The Plastic Waste Management Amendment Rules notified by the Centre on August 12 acknowledge the gravity of pollution caused by plastic articles of everyday use, particularly those that have no utility beyond a few minutes or hours. Under the new rules, the manufacture, sale and use of some single-use goods made with plastic, polystyrene, and expanded polystyrene, such as earbuds, plates, cups, glasses, cutlery, wrapping and packing films, are prohibited from July 1 next year, while others such as carry bags must be at least 75 microns thick from September 30, 2021, and 120 microns from December 31 next year, compared to 50 microns at present. The decisions follow recommendations made by an expert group constituted by the Department of Chemicals and Petrochemicals two years ago. In 2018, India won praise globally for asserting on World Environment Day that it would eliminate all single-use plastic by 2022, a theme that Prime Minister Narendra Modi has stressed more than once. Yet, policy coherence to achieve the goal has been lacking. The Central Pollution Control Board has reported that 22 States have, in the past, announced a ban on single-use plastic, but this has had little impact on the crisis of waste choking wetlands and waterways and being transported to the oceans to turn into microplastic.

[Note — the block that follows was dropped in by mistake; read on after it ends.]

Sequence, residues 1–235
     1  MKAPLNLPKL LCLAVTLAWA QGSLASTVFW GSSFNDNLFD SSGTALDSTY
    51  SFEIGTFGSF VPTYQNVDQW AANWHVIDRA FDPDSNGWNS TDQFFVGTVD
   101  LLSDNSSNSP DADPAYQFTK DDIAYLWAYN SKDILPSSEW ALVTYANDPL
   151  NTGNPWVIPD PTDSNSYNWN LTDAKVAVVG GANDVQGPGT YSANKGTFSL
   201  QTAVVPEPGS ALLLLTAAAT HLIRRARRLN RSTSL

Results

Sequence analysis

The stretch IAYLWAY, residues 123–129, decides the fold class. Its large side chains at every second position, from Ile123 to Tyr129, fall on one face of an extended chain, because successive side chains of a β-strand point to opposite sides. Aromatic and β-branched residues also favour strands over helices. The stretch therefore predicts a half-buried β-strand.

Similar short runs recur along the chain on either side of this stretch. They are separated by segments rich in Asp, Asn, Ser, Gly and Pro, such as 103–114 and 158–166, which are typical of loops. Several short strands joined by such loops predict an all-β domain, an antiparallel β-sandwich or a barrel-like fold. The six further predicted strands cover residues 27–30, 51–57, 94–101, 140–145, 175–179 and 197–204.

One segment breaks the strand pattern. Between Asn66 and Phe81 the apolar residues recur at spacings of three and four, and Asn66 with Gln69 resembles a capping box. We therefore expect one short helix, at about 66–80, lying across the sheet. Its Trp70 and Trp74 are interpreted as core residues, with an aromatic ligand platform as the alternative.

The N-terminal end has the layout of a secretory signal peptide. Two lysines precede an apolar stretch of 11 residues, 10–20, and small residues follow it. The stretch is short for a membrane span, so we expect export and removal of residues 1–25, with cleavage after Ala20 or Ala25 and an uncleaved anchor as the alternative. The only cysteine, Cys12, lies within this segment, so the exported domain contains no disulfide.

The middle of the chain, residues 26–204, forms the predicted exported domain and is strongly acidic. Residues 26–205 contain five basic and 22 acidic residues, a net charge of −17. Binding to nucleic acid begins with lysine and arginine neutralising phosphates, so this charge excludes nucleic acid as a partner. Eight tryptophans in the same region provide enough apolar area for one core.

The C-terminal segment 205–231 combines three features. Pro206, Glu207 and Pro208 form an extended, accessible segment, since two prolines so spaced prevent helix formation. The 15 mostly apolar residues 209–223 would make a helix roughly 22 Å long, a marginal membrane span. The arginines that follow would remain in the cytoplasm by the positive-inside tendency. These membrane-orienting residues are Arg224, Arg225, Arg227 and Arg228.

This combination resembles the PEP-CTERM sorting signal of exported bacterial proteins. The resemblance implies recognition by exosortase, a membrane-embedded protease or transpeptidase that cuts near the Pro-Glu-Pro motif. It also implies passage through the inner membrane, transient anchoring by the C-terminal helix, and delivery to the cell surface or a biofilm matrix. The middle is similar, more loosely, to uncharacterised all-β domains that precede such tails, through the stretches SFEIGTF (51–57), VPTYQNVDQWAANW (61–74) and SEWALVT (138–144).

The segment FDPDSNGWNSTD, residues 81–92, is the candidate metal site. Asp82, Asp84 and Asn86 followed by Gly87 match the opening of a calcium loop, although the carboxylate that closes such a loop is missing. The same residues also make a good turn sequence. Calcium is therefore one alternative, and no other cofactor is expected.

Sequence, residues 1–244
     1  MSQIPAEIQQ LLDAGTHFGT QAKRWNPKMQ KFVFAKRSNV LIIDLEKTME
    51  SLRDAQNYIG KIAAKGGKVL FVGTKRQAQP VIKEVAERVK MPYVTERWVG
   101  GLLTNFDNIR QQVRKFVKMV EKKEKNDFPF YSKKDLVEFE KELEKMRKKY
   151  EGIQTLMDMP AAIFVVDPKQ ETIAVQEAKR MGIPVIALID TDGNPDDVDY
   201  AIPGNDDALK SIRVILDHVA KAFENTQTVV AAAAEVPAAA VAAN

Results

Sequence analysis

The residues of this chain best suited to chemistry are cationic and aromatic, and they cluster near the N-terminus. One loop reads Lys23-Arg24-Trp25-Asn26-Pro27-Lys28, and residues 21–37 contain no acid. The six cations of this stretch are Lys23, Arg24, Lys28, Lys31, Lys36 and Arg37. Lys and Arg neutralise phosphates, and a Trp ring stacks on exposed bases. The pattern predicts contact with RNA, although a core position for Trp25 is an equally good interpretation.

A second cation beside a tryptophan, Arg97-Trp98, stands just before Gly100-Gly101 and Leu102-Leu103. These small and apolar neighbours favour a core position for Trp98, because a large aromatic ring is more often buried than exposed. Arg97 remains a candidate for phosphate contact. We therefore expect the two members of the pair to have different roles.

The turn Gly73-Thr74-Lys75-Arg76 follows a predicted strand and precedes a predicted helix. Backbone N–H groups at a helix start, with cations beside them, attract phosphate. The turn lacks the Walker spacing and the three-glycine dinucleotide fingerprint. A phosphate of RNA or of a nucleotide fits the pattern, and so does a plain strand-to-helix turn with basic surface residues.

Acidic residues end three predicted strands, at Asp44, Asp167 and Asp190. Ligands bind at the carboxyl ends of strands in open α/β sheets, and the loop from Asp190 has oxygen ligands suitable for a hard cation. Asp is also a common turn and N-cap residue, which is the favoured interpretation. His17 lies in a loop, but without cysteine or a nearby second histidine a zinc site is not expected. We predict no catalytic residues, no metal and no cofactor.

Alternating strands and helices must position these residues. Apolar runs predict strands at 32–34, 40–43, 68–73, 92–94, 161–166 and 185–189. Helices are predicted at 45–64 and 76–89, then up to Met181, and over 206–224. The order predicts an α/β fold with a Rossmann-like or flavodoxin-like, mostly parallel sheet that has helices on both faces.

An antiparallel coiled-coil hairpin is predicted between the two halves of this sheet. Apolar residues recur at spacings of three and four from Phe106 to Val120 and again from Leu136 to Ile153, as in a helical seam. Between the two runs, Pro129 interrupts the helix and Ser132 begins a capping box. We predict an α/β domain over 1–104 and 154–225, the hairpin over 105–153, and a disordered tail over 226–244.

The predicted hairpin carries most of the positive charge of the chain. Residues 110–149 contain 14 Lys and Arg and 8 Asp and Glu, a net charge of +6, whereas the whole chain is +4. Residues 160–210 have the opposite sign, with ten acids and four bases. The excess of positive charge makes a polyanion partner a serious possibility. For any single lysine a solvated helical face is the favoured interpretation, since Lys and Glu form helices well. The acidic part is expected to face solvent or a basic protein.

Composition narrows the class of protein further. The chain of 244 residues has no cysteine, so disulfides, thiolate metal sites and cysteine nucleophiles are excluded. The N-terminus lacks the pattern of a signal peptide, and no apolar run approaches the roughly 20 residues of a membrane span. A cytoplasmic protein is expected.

At about 34 lakh tonnes generated in 2019-20, India has a staggering annual volume of plastic waste, of which only about 60% is recycled. What is more, a recent study of the top 100 global producers of polymers that culminate in plastic waste found six of them based in India. It is unsurprising, therefore, that in spite of the staggering problem, policymakers have been treading on eggshells. The international view is changing, however, and support for a UN Plastic Treaty is growing; the majority of G7 countries too are supportive of cleaning up the oceans through a charter in the interests of human wellbeing and environmental integrity. India’s policies on environmental regulation are discordant, lofty on intent but feeble on outcomes, and plastic waste is no different. State governments have felt no compulsion to replace municipal contracts, where companies are paid for haulage of mixed waste, with terms that require segregation and accounting of materials. Considerable amounts of plastic waste cannot be recycled because of lack of segregation, leading to incineration, while mixing newer types of compostable plastic will confound the problem. Patchy regulation has led to prohibited plastic moving across State borders. Now that the Centre has adopted a broad ban, further pollution must end. Microplastic is already found in the food chain, and governments must act responsibly to stop the scourge.